Many areas in Apple Maps (right), such as college campuses, lack the detail
found in Google Maps (left). Image via The Amazing iOS 6 Maps.
Apple is quickly moving to control its own destiny, removing services from Google and other industry rivals, and establishing an all-encompassing ecosystem where customers will soon process all of their commerce and mobile entertainment through Cupertino’s services. When you think about it, that’s terribly frightening, but it also means that Apple will not sit idly while a crucial feature of its software platform gets upstaged by third parties and competitors.
Users can report problems as they find them to help
improve the accuracy of Apple's mapping data.
Apple’s map data will be continuously improved by user corrections (tapping the arrow on any pin or point of interest allows users to report problems such as incorrect locations), new mapping data from one of the several mapping companies that Apple now owns or has a stake in, and new 3D modeling as problems are reported.
Transit information, identified in Apple’s statement, will also be eventually added, either from third party content deals or Apple’s own initiative. And, going forward, developers will find it far easier to tap into Apple’s mapping APIs than those of now disfavored third party options (just a note: this is not a good thing for Apple to do, but you can be sure it’s going to happen).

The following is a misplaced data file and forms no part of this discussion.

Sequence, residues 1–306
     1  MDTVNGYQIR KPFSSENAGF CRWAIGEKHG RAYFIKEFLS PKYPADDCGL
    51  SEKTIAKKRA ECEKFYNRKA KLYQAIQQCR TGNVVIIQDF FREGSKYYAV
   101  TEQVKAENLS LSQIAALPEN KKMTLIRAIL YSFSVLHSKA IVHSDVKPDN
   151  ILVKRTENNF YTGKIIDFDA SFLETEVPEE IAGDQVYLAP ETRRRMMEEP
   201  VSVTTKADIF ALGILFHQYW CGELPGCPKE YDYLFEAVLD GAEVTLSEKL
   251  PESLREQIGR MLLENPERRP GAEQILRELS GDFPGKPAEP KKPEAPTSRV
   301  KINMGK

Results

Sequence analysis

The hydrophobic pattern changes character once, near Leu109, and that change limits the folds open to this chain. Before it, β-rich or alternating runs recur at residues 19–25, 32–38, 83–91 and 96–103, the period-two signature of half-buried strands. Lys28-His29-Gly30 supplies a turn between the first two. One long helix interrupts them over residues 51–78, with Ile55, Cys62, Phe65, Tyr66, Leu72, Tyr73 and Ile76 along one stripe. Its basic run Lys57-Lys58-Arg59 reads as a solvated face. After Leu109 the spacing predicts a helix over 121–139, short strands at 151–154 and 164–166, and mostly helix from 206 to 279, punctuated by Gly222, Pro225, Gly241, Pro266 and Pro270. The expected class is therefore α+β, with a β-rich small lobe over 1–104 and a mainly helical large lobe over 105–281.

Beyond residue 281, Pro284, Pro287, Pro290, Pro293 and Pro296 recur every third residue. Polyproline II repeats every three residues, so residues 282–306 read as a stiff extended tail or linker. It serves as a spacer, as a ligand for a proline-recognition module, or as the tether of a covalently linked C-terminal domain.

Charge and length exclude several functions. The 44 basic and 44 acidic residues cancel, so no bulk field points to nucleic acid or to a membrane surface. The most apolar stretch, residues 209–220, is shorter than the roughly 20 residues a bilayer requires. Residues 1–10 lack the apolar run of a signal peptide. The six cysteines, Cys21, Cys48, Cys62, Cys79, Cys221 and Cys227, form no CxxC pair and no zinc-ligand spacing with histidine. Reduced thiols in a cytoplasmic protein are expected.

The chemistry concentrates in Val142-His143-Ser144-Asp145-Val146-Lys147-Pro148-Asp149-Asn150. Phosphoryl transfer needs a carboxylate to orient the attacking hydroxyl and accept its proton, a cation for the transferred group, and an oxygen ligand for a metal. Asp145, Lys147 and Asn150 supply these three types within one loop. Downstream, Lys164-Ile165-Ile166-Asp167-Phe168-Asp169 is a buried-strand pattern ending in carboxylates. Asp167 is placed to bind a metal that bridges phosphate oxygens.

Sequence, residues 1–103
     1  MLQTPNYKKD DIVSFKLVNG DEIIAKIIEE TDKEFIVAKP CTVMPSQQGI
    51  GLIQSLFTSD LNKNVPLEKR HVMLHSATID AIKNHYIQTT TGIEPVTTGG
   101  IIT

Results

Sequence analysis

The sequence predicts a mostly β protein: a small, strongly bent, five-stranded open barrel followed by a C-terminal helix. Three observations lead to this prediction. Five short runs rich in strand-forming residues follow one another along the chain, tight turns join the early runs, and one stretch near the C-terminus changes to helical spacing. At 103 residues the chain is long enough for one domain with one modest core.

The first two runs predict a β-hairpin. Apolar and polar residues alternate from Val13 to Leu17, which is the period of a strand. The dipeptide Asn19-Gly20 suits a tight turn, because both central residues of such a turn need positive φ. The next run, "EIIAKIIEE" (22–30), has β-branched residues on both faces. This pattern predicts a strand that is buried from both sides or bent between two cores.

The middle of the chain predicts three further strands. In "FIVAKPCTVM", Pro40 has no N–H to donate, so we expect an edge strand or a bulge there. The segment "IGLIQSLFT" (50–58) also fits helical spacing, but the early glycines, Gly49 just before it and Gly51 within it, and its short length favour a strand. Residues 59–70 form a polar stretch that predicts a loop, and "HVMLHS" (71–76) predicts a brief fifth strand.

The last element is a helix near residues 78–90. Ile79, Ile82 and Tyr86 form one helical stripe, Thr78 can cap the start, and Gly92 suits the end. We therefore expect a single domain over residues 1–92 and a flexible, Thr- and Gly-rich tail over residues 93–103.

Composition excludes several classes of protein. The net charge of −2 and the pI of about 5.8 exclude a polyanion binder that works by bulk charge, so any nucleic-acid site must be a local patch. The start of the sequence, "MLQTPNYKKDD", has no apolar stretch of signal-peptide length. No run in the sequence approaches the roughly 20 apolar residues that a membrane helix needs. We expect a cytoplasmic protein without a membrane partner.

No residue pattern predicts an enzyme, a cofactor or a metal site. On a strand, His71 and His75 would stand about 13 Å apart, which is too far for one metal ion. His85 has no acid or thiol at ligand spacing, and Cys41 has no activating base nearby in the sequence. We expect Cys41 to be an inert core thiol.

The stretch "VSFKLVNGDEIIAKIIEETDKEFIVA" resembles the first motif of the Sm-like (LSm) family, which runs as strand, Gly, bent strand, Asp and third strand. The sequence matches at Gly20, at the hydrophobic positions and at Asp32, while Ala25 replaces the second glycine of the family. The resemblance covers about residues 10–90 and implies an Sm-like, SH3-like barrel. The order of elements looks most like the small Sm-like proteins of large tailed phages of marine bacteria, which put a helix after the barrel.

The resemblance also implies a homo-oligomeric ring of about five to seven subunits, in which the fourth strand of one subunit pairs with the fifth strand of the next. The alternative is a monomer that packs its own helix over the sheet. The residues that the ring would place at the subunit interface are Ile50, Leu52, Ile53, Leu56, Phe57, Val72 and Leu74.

Free turn-by-turn directions, once the mapping data is accurate, is also a nice bonus. There are free third party options in the App Store, but the really good ones cost quite a bit. Having the service built-in is something that iOS users have long waited for.
Ironically, the most highly touted feature of Apple’s Maps, Flyover, is the least useful. It’s certainly cool, as long as you’re viewing a select location where the 3D modeling is available and relatively accurate, but it provides less information than Street View does for identifying buildings and storefronts while attempting to navigate a new or unfamiliar location.
In the end, Apple users have experienced a rare slip by the company, one that may not have occurred under the tenure of noted perfectionist Mr. Jobs. The app and service will undoubtedly improve, and users for whom the app does not currently meet their needs should check back in from time to time, as Apple will work hard to ensure that the best maps experience on iOS is provided by their own solution.
However, Apple supporters rejecting complaints from those critical of Apple’s Maps are wrong. As mentioned earlier, Google Maps was a core component of the iOS experience, and one that many users relied on daily. While there was ample warning that iOS 6 would replace Google’s service, many users were not aware of how much functionality they would lose in the transition.
Users have every right to be frustrated, upset, or angry at Apple during this transition. But users committed to iOS for the long term should not give up on Apple Maps. There is no doubt that Apple intends for its service to be the future of mobile mapping in its ecosystem.